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Julie Garber

Estate Taxes by State - Understanding New York Estate Taxes

By May 4, 2009

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New York estate tax laws only conform to the federal estate tax laws that were enacted before July 22, 1998, so New York's laws do not conform to the changes that were enacted by the federal Economic Growth and Tax Relief Reconciliation Act of 2001 (or "EGTRRA"). Thus, for New York residents and nonresidents who own real estate or tangible personal property located in New York and whose deaths occur on or after January 1, 2004, the following rules apply:

  • For a New York resident, the estate must file a New York State Estate Tax Return, Form ET-706, if the total of the federal gross estate, plus the federal adjusted taxable gifts and specific exemption, exceeds $1,000,000.
  • For a nonresident, the estate must file Form ET-706 if the estate includes real or tangible personal property having an actual situs in New York and the gross estate, plus federal adjusted taxable gifts and specific exemption, exceeds $1,000,000. The estate of a nonresident must also complete Form ET-141, New York State Estate Tax Domicile Affidavit.
  • Form ET-706 must be filed and any tax due must be paid within nine months after the decedent's date of death unless an extension of time to file the return and pay the tax is received.
  • An extension of time to pay the estate tax for up to four years from the date of death may be granted if it's established that payment of any part of the tax within nine months from the date of death would result in undue hardship to the estate, but annual installments may be required. Extensions of time to file the return, pay the tax, or both, are requested on Form ET-133.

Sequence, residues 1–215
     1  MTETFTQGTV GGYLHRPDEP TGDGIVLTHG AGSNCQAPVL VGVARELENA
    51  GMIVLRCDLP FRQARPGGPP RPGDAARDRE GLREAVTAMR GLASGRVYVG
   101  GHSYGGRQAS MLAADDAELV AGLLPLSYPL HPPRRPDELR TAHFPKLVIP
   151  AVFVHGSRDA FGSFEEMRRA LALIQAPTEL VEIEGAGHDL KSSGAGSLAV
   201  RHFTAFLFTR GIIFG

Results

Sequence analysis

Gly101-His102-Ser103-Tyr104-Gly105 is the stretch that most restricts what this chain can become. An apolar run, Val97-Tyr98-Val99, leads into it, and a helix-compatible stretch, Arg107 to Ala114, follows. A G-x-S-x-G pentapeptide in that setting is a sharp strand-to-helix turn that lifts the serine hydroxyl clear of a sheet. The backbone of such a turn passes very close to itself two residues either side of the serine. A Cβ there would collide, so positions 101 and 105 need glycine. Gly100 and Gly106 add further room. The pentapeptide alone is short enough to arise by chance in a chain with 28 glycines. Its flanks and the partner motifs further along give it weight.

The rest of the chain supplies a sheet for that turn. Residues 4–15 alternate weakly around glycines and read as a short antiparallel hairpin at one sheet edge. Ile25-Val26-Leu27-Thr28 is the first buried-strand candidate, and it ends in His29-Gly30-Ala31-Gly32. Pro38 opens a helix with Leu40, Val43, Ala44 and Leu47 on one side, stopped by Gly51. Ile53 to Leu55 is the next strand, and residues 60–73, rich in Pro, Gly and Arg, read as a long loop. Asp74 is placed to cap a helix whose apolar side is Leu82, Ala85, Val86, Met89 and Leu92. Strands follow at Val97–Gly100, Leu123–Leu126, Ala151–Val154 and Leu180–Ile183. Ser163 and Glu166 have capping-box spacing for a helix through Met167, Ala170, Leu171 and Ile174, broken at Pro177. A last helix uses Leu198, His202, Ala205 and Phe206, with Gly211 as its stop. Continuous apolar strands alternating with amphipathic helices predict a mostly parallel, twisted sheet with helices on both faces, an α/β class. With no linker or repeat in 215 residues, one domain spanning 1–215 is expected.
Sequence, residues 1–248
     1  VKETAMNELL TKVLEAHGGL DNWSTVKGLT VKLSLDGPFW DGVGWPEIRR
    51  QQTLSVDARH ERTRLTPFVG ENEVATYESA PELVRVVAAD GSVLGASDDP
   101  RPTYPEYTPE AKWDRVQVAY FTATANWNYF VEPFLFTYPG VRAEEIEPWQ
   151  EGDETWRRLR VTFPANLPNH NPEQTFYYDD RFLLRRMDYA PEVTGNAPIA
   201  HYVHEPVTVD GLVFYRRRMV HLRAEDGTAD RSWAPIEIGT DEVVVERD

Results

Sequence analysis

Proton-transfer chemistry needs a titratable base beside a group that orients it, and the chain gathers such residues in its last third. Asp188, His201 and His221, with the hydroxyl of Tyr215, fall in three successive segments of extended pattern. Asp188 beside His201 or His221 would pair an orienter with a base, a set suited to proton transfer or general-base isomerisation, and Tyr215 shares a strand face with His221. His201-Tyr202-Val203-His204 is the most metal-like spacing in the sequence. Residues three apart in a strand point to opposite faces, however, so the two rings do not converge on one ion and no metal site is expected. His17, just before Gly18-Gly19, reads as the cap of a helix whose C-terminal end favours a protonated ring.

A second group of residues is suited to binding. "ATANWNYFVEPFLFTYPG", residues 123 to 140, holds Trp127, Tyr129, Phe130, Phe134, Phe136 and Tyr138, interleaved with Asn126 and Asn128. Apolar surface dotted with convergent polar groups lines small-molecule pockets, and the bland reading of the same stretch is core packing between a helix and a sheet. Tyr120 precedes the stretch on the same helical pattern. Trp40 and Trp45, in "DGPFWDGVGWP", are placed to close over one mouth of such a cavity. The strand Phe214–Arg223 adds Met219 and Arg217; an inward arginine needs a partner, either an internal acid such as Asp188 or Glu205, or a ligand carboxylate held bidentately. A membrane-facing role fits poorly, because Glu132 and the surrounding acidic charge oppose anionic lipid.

• The starting point for Form ET-706 is the federal estate tax return, IRS Form 706. Thus, a completed IRS Form 706 (or 706-NA for a noncitizen, nonresident of the United States) with all schedules and supporting documents must be submitted with New York Form ET-706.
  • The tax rate is a progressive rate that maxes out at 16% for the amount above $10,040,000.

This information is courtesy of the New York State Department of Taxation and Finance.

The bottom line - if you are a New York resident and your estate is passing to someone other than your spouse or to an AB Trust for the benefit of your spouse and the value is $1,000,000 or more, or if you are a nonresident who owns real estate and/or tangible personal property located in New York and your estate is valued at $1,000,000 or more, then your estate may owe a New York estate tax. Up next, North Carolina estate taxes.

Comments
February 13, 2012 at 2:41 am
(1) estate says:

Interesting reading with a lot of useful information.

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